[Marxism] JFK and the civil rights movement

Louis Proyect lnp3 at panix.com
Sun Jul 2 14:47:33 MDT 2006

Washington Post, Sunday, July 2, 2006; BW02
A new book argues that JFK sat on the sidelines in the fight for civil rights.

By Jonathan Yardley

John F. Kennedy and the Struggle for Black Equality
By Nick Bryant
Basic. 545 pp. $29.95

The legend of John Fitzgerald Kennedy has risen and fallen over the years, 
in part due to constant reinterpretation of the known facts about his 
thousand-day presidency by historians and others, and in part due to the 
political mood of any given moment. One aspect of that legend, though, has 
remained remarkably consistent over the years: that at the hour of his 
assassination in November 1963 he was widely admired and loved, especially 
by Democratic liberals.

Nothing could be further from the truth. The Cuban missile crisis was by 
then a year in the past, and the glow it had imparted to Kennedy's 
reputation had faded. Though the international situation was generally calm 
and stable -- the long-term consequences of the American "advisers" Kennedy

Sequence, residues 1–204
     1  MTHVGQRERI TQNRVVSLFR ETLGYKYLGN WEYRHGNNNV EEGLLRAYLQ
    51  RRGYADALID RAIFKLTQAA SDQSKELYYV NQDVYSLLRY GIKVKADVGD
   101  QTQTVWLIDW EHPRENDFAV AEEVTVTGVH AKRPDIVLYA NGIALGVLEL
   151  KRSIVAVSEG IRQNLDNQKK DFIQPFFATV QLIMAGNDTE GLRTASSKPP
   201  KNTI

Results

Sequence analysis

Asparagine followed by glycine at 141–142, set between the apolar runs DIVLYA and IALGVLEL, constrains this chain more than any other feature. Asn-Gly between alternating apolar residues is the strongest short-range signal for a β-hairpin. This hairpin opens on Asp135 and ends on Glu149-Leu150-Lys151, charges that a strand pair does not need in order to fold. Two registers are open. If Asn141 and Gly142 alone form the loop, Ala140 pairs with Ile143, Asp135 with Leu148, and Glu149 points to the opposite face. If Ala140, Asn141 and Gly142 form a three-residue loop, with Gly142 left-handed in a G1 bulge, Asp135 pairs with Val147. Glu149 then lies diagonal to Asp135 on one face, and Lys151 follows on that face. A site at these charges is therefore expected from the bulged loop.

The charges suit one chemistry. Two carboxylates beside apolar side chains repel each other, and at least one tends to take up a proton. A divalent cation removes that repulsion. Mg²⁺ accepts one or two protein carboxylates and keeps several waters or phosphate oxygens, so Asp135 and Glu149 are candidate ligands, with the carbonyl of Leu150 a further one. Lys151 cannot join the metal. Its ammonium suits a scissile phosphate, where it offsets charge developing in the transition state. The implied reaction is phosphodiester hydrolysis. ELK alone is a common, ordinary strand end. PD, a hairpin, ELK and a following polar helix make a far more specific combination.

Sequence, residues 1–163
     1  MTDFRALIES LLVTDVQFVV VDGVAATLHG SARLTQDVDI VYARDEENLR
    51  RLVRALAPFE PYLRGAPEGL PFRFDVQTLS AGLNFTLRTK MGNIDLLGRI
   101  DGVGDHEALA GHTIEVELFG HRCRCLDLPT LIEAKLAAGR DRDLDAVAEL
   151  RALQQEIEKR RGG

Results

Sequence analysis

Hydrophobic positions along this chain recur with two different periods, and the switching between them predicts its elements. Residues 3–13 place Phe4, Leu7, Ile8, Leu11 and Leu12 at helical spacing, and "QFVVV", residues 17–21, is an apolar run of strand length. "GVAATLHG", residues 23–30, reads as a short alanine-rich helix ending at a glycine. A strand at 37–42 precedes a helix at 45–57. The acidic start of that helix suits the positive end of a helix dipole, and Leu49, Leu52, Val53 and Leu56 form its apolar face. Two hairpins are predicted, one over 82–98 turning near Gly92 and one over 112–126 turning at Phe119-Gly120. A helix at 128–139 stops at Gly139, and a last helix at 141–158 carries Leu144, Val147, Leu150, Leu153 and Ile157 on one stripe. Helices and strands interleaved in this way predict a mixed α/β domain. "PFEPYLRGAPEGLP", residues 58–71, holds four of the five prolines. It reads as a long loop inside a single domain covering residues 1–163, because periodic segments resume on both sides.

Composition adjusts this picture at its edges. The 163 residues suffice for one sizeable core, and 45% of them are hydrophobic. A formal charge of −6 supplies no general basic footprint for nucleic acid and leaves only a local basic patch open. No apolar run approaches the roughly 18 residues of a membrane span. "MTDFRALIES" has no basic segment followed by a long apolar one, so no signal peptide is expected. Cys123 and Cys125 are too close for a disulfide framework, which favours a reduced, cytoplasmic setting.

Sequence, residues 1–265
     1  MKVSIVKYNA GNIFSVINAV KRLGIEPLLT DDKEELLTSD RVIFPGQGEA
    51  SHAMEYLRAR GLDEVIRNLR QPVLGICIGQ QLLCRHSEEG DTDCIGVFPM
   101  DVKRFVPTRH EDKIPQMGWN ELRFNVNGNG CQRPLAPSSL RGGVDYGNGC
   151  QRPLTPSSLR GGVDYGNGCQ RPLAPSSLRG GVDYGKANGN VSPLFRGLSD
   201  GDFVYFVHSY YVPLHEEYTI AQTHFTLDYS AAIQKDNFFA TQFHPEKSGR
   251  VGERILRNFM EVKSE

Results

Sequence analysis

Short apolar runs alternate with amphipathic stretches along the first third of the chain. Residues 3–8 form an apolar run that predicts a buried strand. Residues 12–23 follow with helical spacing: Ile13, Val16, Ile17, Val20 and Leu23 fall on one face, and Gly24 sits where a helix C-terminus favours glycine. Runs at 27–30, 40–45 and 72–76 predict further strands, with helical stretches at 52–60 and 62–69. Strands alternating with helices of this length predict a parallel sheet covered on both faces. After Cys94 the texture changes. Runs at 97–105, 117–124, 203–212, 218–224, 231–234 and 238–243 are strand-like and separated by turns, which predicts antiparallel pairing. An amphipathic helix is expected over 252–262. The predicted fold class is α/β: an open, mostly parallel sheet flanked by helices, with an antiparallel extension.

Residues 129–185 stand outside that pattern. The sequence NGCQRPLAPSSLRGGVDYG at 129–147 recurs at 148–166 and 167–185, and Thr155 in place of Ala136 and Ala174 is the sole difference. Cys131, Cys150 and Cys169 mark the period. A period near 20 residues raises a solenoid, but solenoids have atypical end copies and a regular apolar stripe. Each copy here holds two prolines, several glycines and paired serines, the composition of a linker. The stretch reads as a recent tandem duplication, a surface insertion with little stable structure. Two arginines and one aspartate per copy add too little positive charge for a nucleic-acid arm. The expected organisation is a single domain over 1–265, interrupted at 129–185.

had sent to Vietnam were then largely invisible -- the domestic scene was 
troubled, especially with regard to civil rights. Black Americans were 
growing ever more restive. White Americans were still sympathetic to their 
cause, at least outside the South, but hints of the backlash to come were 
evident, especially in the rise of Barry Goldwater and the Republican right.

In this atmosphere of deepening crisis, Kennedy had done . . . not much. In 
June 1963, angered by "threats and defiant statements" by Gov. George 
Wallace over desegregation of the University of Alabama, Kennedy gave a 
powerful television address in which he called civil rights "a moral issue 
. . . as old as the scriptures and . . . as clear as the American 
Constitution" and then proposed significant federal civil rights 
legislation affecting public accommodations and related matters. But 
Congress had shown little interest in acting on the bill, and Kennedy had 
shown little interest in pressing it to do so. His focus was on the 1964